Rent Payments and Fees: This order does NOT waive rent obligations. You are still required to pay rent and other payments due under your lease agreement. This order does NOT waive any fees, penalties, or interest associated with the failure to pay rent or other housing payment that may be payable under your lease agreement.
Residential Property: This order applies to property leased for residential purposes.
- This includes any house, building, mobile home or land in a mobile home park, or similar dwelling that you have leased for residential purposes.
- This does NOT include any hotel, motel, or other guest house that you have rented as a temporary or seasonal guest.
- Commercial property is not included.
Declaration: You AND every adult listed on your rental agreement or lease must submit a Declaration to your landlord. Under penalty of perjury, you must declare that:
- you have used best efforts to obtain all available government assistance for rent or housing;
- you expect to earn no more than $99,000 in 2020 (or no more than $198,000 if filing a joint tax return), were not required to report any income in 2019 to the IRS, OR received a stimulus check under the CARES Act;
- you are unable to pay the full rent payment due to substantial loss of household income, loss of compensable hours of work or wages, a lay-off, or extraordinary out-of-pocket medical expenses;
- you are using best efforts to make timely partial payments that are as close to the full payment as your circumstances permit, taking into account other nondiscretionary expense; AND
- if evicted, you would likely be homeless or forced to move into and live in close quarters in a new congregate or shared living setting because you have no other available housing options.
A copy of declaration is available as an attachment to the order. Be aware that there are serious consequences if you make any false or misleading statements or omissions, including fines and jail time. Submit this Declaration to your landlord. Do not submit the Declaration to the CDC.
NOTE: Even if you meet the requirements, you can still be evicted for reasons other than the failure to pay rent or other housing payment (e.g., criminal activity, threatening the health and safety of other residents, damaging property, etc.) Read the terms of your lease carefully.
Landlords: There are serious consequences if you violate this order, including fines and jail time.
Read the Agency Order: 85 Federal Register 55292 (September 4, 2020)
Governor Larry Hogan has issued an order that no electric, gas, sewage disposal, telephone, water, cable, or internet provider can terminate your service if it is being used in your home, until the health emergency is over, but no later than September 1, 2020.
A company providing those services cannot charge you a late fee during the health emergency.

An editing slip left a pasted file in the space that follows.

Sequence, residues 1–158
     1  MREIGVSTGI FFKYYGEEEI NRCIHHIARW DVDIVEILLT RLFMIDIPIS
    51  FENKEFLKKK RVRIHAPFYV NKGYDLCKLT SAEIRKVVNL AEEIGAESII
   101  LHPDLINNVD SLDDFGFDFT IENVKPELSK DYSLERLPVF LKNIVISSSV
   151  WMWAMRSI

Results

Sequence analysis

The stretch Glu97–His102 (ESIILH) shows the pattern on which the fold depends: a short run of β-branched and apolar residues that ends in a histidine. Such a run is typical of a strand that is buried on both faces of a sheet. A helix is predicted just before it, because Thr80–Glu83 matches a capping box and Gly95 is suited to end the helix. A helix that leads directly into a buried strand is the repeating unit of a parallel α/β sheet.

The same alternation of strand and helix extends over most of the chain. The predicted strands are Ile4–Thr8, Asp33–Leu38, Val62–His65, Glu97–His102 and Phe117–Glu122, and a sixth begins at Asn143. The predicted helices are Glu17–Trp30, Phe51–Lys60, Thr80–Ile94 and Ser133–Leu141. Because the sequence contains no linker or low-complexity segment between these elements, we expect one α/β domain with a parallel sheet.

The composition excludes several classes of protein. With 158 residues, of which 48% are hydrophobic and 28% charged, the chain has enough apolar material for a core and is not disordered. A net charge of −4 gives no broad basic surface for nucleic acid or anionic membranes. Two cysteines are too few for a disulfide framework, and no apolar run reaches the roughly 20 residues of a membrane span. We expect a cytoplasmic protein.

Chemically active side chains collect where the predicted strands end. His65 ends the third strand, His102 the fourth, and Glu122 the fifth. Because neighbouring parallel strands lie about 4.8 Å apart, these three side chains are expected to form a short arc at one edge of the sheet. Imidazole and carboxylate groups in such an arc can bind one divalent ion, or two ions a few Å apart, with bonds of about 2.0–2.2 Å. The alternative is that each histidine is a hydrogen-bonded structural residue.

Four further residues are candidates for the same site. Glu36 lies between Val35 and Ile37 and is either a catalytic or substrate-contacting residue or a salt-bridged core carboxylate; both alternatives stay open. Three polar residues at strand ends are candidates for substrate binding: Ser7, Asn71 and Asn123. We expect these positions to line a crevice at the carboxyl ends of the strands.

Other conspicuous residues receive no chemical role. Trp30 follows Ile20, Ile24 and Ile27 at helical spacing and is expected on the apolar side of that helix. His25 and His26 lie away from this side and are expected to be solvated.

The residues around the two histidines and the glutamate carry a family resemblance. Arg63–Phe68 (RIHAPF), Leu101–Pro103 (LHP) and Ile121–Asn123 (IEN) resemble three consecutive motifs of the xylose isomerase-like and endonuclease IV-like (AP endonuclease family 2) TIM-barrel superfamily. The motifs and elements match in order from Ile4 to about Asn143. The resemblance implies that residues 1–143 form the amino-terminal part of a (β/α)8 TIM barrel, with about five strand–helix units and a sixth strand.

NOTE: The Public Service Commission has extended the prohibition against terminations of gas, electric, and certain water utilities through November 15, 2020. However, there are some steps you must take. Read the Press Release for more information.
Read the Executive Order: Order of the Governor of the State of Maryland, Number 20-07-31-01, Amending and Restating the Order Dated June 29,2020 Prohibiting Termination of Residential Services and Late Fees
Filing Court Documents - Clerks offices are open. Be aware that individual courts and jurisdictions may adjust phases depending on the current state of COVID-19 throughout Maryland. Check for local closure notices and updates.
- MDEC is available for electronic filing. Learn more about MDEC.
- Drop Box - Drop boxes may be available at court locations. Check your local court's website for more information.
- Virtual Drop Box - Non-MDEC jurisdictions (Baltimore City, Montgomery County, and Prince George's County) may still make "virtual drop boxes" available for filings. Check your local court's website for information about availability and additional details.
New Cases – The Court extended the deadline to initiate new matters.
- Deadlines established by Maryland law or court rules about when you must file new matters in the Maryland state courts, including statutes of limitations, are tolled or suspended effective March 16, 2020.
- The deadlines are tolled or suspended by the number of days the courts are closed plus an additional 15 days.
- The number of days that the courts are closed means March 16, 2020 through July 20, 2020, which are the number of days that the offices of the clerks of the court are closed due to the COVID-19 health emergency. This time (March 16 – July 20) does not count against the time remaining to start a new case.
- More information, including an example, is available on the Maryland Courts website.
Pending Cases - The Court extended the deadline for hearings and other judicial proceedings in existing cases.
- Deadlines established by Maryland law or court rules in existing cases are tolled or suspended effective March 16 by the number of days the courts are closed plus an additional 60 days.
- The number of days that the courts are closed means March 16, 2020 through July 20, 2020, which are the number of days that the offices of the clerks of the court are closed due to the COVID-19 health emergency. This time (March 16 – July 20) does not count against the time remaining to conduct judicial proceedings.
- These proceedings will be scheduled at a future date. Other deadlines remain in effect.
- See the Maryland Courts website for more information, including examples.
No Dismissals for Lack of Jurisdiction or Prosecution - Under normal circumstances the court may dismiss a civil case for lack of jurisdiction (failure to serve the defendant within a specific time) or lack of prosecution (failure to take any action within 1 year). The court will recalculate when cases are eligible to be dismissed for these reasons in light of the modified deadlines.
Read the Administrative Order: Third Revised Administrative Order on the Emergency Tolling or Suspension of Statutes of Limitations and Statutory and Rules Deadlines Related to the Initiation of Matters and Certain Statutory and Rules Deadlines in Pending Matters